When You Feel Like You’re Exhausting People With Your Existence


Throughout my journey with depression, anxiety and post-traumatic stress disorder, I have found that in the past, I had maintained one constant trait: I had become too accustomed to isolation.

I am human. I long and ache for relationships. Yet, I pushed them aside because my mind constantly drifted to the times where I was hurt. It would shift and focus to the negative. To the things I should have said. To the instances where I was imperfectly human, where I could have acted better, where I reacted like any other person would have. Where I cried instead of using my words. It went back to a time where I would blame myself for every wrong thing that had ever happened, where I would tell myself I deserved every bad thing that had happened. I am my hardest critic. I would immediately cut ties, justify why I didn’t need the relationship (although I desperately did) and attempt to move on. However, there was never any closure. Depression, anxiety and PTSD settled next to me like best friends. I let them replace any human, believing I would just be a burden to the people in my life.

Who really wants to listen to my problems, anyway? That’s why I pay for therapy.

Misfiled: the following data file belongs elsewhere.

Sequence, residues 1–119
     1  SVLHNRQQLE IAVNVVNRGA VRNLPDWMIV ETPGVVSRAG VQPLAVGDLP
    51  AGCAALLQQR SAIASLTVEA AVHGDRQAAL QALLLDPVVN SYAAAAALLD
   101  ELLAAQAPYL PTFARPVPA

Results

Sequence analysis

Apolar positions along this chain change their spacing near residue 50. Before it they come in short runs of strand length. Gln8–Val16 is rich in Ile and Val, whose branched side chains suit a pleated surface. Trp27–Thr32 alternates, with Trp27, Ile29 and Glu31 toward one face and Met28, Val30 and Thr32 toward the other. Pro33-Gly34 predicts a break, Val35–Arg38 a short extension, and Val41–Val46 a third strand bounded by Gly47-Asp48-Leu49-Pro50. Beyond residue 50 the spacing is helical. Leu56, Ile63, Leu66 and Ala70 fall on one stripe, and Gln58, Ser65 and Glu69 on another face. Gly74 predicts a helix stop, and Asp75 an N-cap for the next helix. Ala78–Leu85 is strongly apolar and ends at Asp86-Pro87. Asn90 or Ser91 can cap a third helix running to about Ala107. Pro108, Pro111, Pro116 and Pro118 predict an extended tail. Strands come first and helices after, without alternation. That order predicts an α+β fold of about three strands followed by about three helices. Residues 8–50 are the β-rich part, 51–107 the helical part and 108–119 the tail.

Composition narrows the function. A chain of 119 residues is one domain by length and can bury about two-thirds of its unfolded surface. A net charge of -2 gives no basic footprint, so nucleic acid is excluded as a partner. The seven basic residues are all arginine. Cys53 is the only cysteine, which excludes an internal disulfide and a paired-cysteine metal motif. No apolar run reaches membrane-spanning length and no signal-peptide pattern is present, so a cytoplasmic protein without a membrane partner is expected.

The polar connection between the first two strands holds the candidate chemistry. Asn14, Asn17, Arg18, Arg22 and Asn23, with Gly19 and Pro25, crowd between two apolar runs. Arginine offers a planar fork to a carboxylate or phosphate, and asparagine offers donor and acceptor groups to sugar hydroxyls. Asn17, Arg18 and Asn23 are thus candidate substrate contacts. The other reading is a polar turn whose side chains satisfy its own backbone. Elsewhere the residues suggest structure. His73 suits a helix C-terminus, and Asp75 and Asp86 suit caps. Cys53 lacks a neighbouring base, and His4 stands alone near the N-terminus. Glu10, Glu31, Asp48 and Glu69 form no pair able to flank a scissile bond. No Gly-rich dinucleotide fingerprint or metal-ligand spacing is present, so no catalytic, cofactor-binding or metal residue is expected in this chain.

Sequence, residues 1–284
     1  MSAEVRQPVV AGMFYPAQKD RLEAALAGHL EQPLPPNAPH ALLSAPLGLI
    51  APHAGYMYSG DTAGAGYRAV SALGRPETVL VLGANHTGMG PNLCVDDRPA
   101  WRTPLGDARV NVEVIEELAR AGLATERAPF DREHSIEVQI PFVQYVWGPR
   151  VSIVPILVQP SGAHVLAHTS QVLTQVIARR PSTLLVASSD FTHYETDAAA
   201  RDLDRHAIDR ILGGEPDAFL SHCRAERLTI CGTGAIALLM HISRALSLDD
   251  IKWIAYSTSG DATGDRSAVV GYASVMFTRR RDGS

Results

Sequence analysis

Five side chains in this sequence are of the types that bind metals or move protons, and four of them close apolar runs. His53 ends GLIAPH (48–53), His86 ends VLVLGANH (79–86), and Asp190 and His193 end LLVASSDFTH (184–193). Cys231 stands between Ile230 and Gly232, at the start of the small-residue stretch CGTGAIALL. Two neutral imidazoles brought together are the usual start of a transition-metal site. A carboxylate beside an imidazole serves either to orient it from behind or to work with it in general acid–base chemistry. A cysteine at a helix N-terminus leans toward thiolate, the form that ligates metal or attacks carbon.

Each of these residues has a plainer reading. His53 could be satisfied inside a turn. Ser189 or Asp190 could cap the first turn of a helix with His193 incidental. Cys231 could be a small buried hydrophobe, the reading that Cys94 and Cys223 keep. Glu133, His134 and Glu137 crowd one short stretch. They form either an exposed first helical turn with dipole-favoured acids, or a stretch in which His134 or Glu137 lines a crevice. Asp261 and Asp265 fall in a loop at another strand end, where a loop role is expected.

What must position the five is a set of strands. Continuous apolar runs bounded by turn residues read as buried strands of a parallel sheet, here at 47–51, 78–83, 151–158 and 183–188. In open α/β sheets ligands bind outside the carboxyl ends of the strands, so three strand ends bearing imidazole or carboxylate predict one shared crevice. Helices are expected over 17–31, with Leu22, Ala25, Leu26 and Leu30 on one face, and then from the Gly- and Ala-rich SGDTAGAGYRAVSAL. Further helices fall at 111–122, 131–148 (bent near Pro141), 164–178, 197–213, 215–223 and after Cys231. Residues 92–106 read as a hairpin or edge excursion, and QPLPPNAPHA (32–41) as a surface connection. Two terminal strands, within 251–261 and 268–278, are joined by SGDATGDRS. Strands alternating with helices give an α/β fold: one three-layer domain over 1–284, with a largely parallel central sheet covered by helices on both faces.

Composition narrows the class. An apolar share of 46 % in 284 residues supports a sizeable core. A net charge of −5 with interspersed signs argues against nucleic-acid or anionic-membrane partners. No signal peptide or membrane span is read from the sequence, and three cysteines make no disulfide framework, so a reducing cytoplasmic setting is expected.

So I pushed. I pushed away with all the might I had in my body. I thought it was just easier to be alone.

Part of me said loneliness was reliable. Loneliness is always there for you. Loneliness doesn’t let you down. It doesn’t emotionally hurt you. It doesn’t make promises it can’t keep. It doesn’t strip you of your identity.

I knew exactly what to expect out of loneliness.

There are still times where I feel this way. When I am under an extreme amount of stress, I find it hard to open up. I may always be this way. Feeling like a burden may never go away; when you have so much to talk about, it’s hard to not feel like you’re just talking at people and not to them. It’s hard to not feel like you’re exhausting people with your existence.

But if I can tell you one thing I have learned – even if people hurt you, finding them and having them be a part of your life will always help you more than isolation. We need other people. We need them to help us grow and learn and find ourselves. We need them to dream with and to go on adventures with and to laugh about our day with. We need them to get cups of coffee with, to see movies with, and to sing along to Johnny Cash with. We need them, no matter how they come and go in our life.

Even now as I transition into a new phase, one where I am finding myself more alone these days, I know I have not done it on purpose to punish myself for being me, or for the circumstances that led to my mental illnesses. Every person who has stepped into my life since I have let them in has taught me something, has helped me better myself, and has helped me grow as a person. The one thing about the community we exist within is that none of us are ever alone – we constantly exist among each other. We can grow and repair ourselves together.

We just cannot deny ourselves that chance.

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Image by harsh vardhan


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